I’m in Financial Distress. Should I File for Bankruptcy?

May 21, 2020


✔ The COVID-19 pandemic has hit Canadians who are already struggling even harder than others

✔ Bankruptcy can seem like a good option when you’re in financial distress but there are many reasons not to file

✔ Bankruptcy affects your life in many ways - it costs money to file, it severely damages your credit score and can affect your ability to get credit in future or even an apartment or other job.

We’re in the midst of a global pandemic and, while it’s still too early to tell the final toll, job losses in Canada because of COVID-19 are huge. The Canadian economy lost almost two million jobs in April, a record high. Even before the pandemic hit, many Canadians were already living paycheque to paycheque, and almost half of working renters in Canada didn’t have enough savings to pay bills for more than a month should they lose their jobs.

That’s a lot of Canadians in financial distress and wondering what they should do. During these times, you’re probably seeing or hearing a lot of ads from consumer bankruptcy companies about how consumer proposal or bankruptcy can be a solution in a financial emergency. You might hear possibly misleading terms like ‘a fresh start’.

What’s interesting is that, at the moment, bankruptcies and consumer proposals are not up during this pandemic. There are still options and a lot of creditors are working with their customers and not leaning on them to pay their debts. And that’s a good thing – because bankruptcy is not a good option for a number of reasons.

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What is bankruptcy?

Bankruptcy is a legal process in which a person can be discharged from most (but not all!) of their debts. When you file for bankruptcy, a trustee arranges the selling of your assets and delivering the funds to your creditors. It remains on your credit report for seven years for a first bankruptcy and up to 14 years for a second one.

Brutal truths about  bankruptcy

Bankruptcy Truth #1: It actually costs money.

Yes, that’s correct. Filing bankruptcy doesn’t just mean walking away from your debts. Even if you qualify (and there are many rules on this depending on your income, how many assets you have and what kinds of debts you have as some, like student loans, are excluded), you could lose assets such as your house or car and you have to pay to file for it. The minimum cost in Canada to file a first-time bankruptcy is $1,800 paid over nine months. This is to cover fees to the bankruptcy trustee such as time, administrative and court filing fees. There can be other costs too — depending on how much you make and what your debts and assets are, you might have to pay more toward your debts and you’ll also have to pay more if you get any extra money during the bankruptcy process, such as tax refunds, lottery wins or inheritances. So, with a bankruptcy, which you might be considering because you can’t afford to pay your debts, you have to pay! That doesn’t seem to add up does it?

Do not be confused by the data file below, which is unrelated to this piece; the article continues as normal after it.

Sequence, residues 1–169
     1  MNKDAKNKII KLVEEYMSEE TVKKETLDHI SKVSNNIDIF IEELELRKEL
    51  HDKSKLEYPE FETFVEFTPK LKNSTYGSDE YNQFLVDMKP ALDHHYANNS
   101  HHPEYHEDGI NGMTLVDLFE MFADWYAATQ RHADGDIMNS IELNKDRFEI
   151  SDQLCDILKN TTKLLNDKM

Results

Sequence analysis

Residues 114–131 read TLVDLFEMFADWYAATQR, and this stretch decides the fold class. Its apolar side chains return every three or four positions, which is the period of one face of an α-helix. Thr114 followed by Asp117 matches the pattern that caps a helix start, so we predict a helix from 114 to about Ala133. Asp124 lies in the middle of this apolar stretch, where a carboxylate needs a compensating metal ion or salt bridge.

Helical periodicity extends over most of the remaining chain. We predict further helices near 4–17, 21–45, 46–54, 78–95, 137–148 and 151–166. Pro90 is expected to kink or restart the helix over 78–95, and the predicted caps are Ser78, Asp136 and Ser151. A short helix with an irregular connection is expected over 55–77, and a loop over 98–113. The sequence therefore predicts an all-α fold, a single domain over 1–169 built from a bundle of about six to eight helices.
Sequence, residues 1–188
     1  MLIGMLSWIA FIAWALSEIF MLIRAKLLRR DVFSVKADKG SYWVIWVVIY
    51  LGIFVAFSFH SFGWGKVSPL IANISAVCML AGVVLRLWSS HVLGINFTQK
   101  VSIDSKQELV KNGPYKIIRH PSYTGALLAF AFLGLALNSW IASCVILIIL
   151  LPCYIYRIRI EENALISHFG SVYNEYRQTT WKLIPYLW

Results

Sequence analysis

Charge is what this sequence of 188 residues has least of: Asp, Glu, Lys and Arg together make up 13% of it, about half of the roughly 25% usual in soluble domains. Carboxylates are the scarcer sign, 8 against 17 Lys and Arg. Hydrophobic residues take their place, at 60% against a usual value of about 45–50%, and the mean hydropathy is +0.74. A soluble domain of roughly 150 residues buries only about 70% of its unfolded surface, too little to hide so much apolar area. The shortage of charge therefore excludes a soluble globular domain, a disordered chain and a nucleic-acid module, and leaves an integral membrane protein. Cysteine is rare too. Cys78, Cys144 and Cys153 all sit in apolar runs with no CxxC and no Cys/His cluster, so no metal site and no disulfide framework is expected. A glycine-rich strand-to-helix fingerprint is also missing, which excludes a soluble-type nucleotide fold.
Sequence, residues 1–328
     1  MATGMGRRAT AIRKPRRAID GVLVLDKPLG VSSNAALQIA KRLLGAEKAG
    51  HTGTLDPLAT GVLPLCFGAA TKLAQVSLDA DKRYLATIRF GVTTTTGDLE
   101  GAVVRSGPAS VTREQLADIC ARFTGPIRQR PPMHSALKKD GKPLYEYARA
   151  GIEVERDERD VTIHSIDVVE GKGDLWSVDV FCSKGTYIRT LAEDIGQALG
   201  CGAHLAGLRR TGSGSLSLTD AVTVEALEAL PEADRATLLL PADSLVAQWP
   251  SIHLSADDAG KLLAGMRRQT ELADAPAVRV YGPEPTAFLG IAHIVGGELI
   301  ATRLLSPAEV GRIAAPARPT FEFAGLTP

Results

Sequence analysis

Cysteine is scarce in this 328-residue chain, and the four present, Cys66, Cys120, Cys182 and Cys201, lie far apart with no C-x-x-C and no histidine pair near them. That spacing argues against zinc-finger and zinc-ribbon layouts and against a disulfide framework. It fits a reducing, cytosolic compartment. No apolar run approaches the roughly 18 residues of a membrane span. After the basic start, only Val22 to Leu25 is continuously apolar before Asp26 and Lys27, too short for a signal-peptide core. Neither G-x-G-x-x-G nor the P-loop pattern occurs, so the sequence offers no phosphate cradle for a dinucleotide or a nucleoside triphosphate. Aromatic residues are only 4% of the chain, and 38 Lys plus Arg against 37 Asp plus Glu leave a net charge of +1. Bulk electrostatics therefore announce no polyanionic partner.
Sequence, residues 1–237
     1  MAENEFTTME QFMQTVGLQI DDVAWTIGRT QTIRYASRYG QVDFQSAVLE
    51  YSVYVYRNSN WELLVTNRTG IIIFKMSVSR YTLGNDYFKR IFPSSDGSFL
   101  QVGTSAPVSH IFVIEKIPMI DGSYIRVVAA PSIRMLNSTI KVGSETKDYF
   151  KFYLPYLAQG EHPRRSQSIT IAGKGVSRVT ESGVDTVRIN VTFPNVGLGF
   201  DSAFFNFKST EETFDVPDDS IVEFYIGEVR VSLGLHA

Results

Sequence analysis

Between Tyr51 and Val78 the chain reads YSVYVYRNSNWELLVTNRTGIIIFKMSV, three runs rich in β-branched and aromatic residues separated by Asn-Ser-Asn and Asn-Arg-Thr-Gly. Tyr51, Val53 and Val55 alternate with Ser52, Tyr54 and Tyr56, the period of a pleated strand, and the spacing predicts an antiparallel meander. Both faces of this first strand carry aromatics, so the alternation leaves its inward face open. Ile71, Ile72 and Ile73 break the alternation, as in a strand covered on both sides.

Bankruptcy Truth #2: It will very negatively affect your credit score (and that costs money too)

You probably know from all our stories on goeasy Academy that your credit score is very important. The higher it is, the better the rates you’ll get on any type of debt – from mortgages to personal loans to credit cards. And lower rates mean more money in your pocket. With bankruptcy, your credit rating goes right to the bottom – it works on a scale from R1 being the best and R9 being the lowest, and your credit score is a range from 900 at the top to 300 at the bottom - and can take years to build up again.

Bankruptcy Truth #3:  It can take years to get access to credit again (which can cost you money too)

Because your credit score can drop as low as in the 300s in a bankruptcy, any lenders would consider you a high risk. So, it’ll be hard to get any access to credit after a bankruptcy except possibly something like a secured credit card. You would have to build up a positive credit history again over time with on-time payments that are reported to the credit bureaus, TransUnion and Equifax. Getting something like a mortgage or a line of credit could take many years.

Bankruptcy Truth #4:  The hit to your credit standing has other long-term effects (which can cost you money too).

When you’re going through a bankruptcy, and even after you’re discharged, the damage to your credit reputation is wide ranging. Renting an apartment can be very difficult because landlords check credit reports to see how likely you are to be able to pay your rent. It can affect your ability to get a job, especially in certain sectors such as finance or for work in the government. Every time you apply for a job, the employer can have you sign a form allowing them to pull your credit reports. That can hinder you from getting the best job you can, and affect your earnings over your entire lifetime! Even something like getting a new cellphone can become difficult as many carriers will run a credit check.

Remember – when so many people are in the same boat, that means there is more effort on everyone’s part, including lenders, to keep people afloat. Get informed about what government supports might be available to you. Always talk to your lenders as many of them have options to help you during these unprecedented times. Other ideas include taking on extra work to make ends meet, or consolidating your debts. Exhaust all the other options before considering the drastic step of bankruptcy.

If you need support, remember that we are all in this together. We are here to help too: contact easyfinancial.com with questions. To learn more about debt, saving and budgeting, go to www.easyfinancial.com/academy.










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